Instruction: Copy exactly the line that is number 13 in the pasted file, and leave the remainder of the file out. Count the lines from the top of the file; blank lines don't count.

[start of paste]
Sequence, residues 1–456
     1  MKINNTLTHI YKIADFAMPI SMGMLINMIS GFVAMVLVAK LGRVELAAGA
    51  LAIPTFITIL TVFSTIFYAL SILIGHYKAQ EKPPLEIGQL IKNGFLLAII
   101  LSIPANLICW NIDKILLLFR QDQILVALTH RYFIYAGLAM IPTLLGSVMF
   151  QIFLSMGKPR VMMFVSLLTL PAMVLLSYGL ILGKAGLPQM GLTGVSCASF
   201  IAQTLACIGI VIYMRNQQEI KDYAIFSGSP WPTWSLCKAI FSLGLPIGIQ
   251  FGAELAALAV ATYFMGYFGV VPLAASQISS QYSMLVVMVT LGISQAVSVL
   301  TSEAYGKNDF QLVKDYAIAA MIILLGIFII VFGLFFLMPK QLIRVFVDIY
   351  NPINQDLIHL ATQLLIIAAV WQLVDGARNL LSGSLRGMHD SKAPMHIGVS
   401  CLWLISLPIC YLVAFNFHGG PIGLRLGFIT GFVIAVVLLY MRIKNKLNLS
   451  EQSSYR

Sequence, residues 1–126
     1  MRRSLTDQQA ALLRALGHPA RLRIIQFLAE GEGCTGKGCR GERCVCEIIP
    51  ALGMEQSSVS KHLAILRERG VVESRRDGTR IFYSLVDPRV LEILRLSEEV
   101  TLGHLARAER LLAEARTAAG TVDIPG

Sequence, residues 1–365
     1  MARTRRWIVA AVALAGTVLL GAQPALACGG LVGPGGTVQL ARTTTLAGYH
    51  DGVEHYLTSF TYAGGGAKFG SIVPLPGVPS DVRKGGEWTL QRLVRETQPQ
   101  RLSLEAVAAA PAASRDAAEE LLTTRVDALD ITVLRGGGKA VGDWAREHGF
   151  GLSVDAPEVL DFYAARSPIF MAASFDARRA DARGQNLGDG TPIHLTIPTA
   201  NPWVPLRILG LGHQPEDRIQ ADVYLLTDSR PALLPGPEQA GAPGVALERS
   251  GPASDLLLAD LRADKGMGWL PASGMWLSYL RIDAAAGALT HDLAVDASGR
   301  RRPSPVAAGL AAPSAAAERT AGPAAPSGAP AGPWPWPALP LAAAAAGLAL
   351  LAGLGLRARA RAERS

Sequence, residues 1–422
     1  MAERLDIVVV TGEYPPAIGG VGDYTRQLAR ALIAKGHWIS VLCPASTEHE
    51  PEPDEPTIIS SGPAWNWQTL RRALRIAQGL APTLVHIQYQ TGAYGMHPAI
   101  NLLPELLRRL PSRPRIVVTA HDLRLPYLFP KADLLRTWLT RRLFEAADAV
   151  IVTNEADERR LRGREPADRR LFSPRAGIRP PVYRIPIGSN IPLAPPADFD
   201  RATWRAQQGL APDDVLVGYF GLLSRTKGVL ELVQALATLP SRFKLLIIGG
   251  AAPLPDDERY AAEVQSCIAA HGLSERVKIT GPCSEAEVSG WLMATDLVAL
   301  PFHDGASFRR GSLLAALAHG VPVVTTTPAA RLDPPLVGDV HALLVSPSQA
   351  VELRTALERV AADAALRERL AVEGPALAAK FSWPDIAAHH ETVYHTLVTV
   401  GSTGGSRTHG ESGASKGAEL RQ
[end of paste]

     1  MRRSLTDQQA ALLRALGHPA RLRIIQFLAE GEGCTGKGCR GERCVCEIIP